In the introduction, titled “What Does it Mean to Be Texan?,” Texas Monthly editor Dan Goodgame addressed the eclectic aspirations of the book, writing: “Our modest goal was to craft a well-informed, thoughtful sampling of the best the state has to offer.” To this humble end, forty-two editors were utilized to cover fifty-five topics, which tackle everything from the various dress codes that make up “Texas chic” to Selena’s ongoing appeal.
The resulting richness is all over the map, running from Texas Monthly Senior Editor John Nova Lomax’s frustration over the frequent mispronunciations of Texas cities (“From Amarila to Wad-a-loop”) to Oscar Casares’s bittersweet essay on Dia de Los Muertos in the time of COVID (“Souls of the Departed”).
The book goes from silly to serious fast, and the pace might unseat some readers who would otherwise just enjoy the ride of pride that comes from being reminded that Texas gave the world Cheetos, Fritos, Doritos, Dr. Pepper, Liquid Paper and the microchip.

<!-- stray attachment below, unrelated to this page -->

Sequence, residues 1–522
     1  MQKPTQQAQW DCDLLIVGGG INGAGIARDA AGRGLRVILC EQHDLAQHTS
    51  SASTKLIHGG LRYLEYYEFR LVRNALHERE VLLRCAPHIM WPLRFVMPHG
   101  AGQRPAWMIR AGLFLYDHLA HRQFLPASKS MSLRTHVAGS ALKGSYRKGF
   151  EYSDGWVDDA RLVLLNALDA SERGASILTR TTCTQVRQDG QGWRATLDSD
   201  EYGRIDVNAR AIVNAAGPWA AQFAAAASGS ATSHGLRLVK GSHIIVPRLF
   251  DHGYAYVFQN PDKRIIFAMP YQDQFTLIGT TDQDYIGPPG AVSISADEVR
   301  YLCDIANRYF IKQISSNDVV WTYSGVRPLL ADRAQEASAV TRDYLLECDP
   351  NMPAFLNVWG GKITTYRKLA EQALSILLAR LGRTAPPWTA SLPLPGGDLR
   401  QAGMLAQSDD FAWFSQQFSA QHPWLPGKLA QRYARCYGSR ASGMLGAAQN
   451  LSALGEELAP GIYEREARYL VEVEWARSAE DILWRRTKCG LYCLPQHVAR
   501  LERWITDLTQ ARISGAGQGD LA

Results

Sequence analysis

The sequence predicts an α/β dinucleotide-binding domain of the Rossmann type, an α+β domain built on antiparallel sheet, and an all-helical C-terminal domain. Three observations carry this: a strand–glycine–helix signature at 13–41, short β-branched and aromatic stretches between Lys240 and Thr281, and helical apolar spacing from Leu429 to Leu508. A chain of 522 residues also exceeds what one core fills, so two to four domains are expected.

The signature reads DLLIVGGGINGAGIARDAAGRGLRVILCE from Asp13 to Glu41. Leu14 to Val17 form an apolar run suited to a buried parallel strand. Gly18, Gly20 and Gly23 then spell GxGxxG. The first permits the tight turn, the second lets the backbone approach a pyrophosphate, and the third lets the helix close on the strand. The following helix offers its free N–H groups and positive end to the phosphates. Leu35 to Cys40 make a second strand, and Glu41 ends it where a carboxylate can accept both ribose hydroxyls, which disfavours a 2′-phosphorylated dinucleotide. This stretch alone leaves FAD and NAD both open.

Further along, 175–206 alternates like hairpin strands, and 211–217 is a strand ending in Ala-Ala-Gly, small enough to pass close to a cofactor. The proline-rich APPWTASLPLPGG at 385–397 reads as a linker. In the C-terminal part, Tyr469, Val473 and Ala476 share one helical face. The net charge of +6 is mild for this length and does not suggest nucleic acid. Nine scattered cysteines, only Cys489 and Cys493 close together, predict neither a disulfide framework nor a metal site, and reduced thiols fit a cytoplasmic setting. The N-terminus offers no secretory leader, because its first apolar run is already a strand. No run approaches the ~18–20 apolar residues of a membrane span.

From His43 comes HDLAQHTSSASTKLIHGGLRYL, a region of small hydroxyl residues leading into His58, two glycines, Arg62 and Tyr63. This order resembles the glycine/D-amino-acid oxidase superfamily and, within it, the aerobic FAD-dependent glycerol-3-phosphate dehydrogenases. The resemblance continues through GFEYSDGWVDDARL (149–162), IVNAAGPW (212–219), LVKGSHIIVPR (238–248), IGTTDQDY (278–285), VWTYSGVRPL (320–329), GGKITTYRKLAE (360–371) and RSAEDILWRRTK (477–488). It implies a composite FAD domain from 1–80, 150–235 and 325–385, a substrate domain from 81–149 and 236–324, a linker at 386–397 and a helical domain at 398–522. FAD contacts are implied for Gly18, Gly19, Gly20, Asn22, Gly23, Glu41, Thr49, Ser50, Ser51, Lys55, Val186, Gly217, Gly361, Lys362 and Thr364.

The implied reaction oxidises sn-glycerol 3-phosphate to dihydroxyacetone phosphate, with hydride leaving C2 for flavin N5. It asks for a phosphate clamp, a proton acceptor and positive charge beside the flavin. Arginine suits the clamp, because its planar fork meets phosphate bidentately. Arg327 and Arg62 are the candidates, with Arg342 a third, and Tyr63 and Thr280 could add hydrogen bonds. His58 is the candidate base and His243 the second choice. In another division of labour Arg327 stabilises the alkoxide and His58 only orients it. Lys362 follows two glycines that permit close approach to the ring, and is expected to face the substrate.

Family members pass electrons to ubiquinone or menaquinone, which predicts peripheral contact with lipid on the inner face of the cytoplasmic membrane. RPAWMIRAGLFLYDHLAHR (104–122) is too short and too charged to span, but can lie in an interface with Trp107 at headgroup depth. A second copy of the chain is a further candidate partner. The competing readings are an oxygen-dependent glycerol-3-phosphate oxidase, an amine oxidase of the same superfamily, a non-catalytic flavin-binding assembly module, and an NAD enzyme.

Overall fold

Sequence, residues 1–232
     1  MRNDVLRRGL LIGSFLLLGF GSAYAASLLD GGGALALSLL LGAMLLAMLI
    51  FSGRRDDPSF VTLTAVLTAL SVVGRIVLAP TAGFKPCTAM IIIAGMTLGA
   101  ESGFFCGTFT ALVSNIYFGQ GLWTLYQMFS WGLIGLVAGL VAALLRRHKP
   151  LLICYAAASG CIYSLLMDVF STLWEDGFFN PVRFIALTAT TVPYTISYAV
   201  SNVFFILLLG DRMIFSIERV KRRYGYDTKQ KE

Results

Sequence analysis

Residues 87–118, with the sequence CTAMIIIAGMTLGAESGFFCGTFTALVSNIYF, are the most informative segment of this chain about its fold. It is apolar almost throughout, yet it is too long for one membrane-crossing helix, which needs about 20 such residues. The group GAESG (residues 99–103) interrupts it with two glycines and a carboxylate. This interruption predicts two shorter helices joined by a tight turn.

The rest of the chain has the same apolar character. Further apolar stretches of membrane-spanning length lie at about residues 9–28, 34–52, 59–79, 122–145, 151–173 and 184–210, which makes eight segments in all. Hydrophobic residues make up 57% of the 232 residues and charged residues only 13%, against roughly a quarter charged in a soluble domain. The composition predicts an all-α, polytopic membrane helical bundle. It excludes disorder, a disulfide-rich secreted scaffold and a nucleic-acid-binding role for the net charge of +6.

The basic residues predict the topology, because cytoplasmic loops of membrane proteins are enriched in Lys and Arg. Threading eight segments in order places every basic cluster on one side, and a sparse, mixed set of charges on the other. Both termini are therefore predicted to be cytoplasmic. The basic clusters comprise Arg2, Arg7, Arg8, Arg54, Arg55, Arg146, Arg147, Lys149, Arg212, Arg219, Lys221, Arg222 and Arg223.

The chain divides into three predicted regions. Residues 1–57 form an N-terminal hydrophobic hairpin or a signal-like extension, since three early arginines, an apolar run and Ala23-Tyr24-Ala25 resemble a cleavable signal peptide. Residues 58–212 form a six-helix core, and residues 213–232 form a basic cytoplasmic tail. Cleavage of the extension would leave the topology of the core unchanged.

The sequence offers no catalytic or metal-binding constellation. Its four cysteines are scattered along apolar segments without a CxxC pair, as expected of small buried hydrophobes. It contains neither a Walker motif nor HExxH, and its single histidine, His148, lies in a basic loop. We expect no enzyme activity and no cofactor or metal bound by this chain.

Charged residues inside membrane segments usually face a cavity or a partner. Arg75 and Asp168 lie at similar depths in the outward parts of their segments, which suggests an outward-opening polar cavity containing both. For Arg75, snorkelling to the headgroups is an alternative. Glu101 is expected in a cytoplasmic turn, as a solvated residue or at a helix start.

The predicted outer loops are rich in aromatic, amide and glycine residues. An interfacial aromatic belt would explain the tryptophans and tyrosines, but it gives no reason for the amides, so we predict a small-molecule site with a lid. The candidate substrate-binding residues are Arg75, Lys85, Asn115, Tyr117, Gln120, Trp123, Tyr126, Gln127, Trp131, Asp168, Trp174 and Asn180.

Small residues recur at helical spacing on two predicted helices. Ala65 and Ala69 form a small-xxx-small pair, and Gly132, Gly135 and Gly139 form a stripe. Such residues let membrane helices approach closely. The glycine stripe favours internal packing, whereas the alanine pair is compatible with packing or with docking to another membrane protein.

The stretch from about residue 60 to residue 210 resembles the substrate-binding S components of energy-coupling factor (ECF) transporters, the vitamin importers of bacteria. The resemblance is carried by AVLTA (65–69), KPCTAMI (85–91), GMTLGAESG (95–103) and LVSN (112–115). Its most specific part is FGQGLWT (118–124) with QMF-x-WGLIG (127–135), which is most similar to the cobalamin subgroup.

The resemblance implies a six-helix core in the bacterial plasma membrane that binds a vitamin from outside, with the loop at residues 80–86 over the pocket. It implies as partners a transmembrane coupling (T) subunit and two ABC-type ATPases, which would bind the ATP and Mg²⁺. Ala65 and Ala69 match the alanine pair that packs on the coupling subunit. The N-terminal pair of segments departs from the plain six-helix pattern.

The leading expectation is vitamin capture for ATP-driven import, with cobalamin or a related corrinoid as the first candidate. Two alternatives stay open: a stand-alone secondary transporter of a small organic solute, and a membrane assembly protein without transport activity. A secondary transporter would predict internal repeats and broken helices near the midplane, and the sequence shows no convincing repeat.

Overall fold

So, in a book that switches from the state’s early instance on remaining a slave republic to a piece about collecting San Antonio ghost stories, it perhaps goes without saying that the essays on brisket and beer are the easiest to digest.
“Being Texan” does, in truth, contain some delicious and downright literary food writing.
Joe Galvan’s “Ode to the Raspa,” treats the summertime shaved ice staple as nothing less than a kind of edible ambassador of U.S. cuisine. “They serve as an important and necessary reminder of the fluctuating, imprecise words that American food inhabits,” he writes like some semiotics professor, before waxing poetic on how raspas embody childhood innocence as well as “the humidity of a July evening that finds itself at the bottom of a Styrofoam cup.”
But readers who are tempted to skim the section on “Strong Texas Women” or “The Evolution of Juneteenth” to get to Paula Forbes’ warning not to skip the processed cheese when slow cooking queso, will have missed out on some deep insight into what it means to embrace all the appealing and uneasy aspects of the state.
In “A Tale of Two High Schools,” Dan Q. Dao, details how, as a Vietnamese kid growing up in Houston, he employed the tropes of Texas culture as a tool of survival. “Perhaps out of a sense of self-preservation, I became enamored with the gilded mythology of Texas, from the folklore of the Alamo to the twang of country music. I wore cowboy boots, showed up for Friday night football games, and rarely missed a rodeo,” writes Dao, observing that: “Part of me believed that if I proclaimed my Texanness loudly enough, I would be spared the label of outsider.”